Yngve Hågensen, hailed as one of Norway’s most important labour union leaders of the 20th century, was laid to rest in Oslo’s historic cathedral on Friday. His funeral was attended by the current and former prime ministers including the secretary general of NATO, Jens Stoltenberg.
Hågensen had a rough start in life. He was born in Norway’s Arctic city of Vardø in 1938, into a poor family whose widowed mother had to send both Yngve and a brother to a care home because she couldn’t support them. When their home region of Finnmark was burned by retreating Nazi German invaders in 1944, Hågensen was evacuated to Southern Norway and wound up at the opposite end of the country, in Halden. He had to start working to support himself from the age of 14, at a sawmill: “His upbringing would either measure him in rags or strengthen him for a demanding life ahead,” wrote one of his biographers, Reidar Hirsti.
Hågensen opted for the strengthening, and was later hired by the labour organization representing sawmill workers, Saubrugsforeningen. He rose through the ranks and later through those at LO, Norway’s largest trade union confederation. He’s said to have won more and more strength with his rough language, clenched fists and a keen understanding of the labour movement’s proletarian roots. He was skeptical towards anyone in the labour movement or the Norwegian Labour Party who came from privleged backgrounds, including former prime ministers Gro Harlem Brundtland, Stoltenberg and current Labour prime minister Jonas Gahr Støre, who spoke at his funeral.
By 1977, though, Hågensen was himself part of the “elite” within LO, and became LO leader in 1989. He had huge influence throughout the 1990s, holding Norway’s top labour union post until 2001. His biography was entitled “Do your duty, demand your rights,” and he rarely settled for anything less. He was known for his temper and rough language, but also as a surprisingly sympathetic soul who’d been elected to his first term as head of LO by a vote of 193 to 121.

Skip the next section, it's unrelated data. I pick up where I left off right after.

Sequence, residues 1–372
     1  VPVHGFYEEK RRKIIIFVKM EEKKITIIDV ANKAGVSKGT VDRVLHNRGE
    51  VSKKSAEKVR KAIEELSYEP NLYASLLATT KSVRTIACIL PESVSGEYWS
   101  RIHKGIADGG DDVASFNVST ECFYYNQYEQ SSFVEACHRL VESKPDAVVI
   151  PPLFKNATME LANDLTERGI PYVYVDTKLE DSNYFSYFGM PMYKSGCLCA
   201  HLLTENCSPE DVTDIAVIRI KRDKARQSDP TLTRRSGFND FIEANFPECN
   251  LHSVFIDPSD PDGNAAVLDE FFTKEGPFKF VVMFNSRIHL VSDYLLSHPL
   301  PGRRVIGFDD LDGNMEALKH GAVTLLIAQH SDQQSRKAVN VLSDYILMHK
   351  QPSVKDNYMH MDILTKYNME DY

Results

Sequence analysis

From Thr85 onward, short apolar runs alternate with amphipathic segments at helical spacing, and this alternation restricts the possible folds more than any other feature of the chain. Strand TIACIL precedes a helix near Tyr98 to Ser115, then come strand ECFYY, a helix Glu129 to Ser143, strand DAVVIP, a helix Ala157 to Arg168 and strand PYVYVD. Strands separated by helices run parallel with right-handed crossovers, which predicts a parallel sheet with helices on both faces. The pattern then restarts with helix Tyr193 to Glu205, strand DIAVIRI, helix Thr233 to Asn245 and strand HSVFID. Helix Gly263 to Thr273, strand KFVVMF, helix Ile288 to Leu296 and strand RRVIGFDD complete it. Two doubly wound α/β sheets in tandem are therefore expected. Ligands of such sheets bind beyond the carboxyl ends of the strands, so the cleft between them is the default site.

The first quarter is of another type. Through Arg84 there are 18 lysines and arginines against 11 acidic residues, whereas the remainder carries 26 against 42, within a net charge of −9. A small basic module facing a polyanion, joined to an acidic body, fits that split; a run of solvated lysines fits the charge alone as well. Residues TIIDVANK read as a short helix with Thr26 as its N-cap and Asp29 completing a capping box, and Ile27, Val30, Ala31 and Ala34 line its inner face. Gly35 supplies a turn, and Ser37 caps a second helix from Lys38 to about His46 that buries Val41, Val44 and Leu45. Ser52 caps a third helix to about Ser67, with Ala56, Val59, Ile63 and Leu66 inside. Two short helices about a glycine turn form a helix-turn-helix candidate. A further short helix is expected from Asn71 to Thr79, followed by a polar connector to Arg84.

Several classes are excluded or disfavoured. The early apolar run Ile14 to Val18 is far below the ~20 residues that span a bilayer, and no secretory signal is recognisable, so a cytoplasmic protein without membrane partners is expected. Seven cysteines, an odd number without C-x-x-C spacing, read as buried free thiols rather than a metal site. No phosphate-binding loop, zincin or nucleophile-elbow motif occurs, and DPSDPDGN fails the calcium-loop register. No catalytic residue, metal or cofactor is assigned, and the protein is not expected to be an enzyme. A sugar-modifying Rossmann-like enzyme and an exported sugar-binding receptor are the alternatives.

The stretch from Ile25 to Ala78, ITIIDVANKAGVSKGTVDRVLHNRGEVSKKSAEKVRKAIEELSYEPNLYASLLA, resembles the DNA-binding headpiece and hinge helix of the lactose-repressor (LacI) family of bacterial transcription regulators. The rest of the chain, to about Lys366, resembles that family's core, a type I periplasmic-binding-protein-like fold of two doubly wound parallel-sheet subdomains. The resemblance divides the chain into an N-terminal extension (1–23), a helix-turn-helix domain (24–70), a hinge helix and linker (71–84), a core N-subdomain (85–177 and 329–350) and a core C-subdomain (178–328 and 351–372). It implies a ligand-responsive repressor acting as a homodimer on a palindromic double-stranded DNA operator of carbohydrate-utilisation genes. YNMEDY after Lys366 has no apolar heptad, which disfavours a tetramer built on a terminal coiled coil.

His 12 years at the top of LO yielded major victories along with downturns he had a hard time accepting. Through it all he wanted Norway to join the EU, and was disappointed that referenda in both 1972 and 1994 turned down EU membership.
He died at the age of 84 earlier this month after a sudden illness. Current LO leader Peggy Hessen Følsvik noted how Hågensen made his mark on the labour movement, also through unusual solidarity with employers that brought Norway out of economic crisis and high unemployment in the early 1990s.
“It was also under his leadership that LO won a fifth week of holiday for workers,” Følsvik noted. “We’ve lost a giant who meant so much for so many,” she added in a tribute published this week in newspaper Dagsavisen. “His name will stand in the history books as one of the great LO leaders.”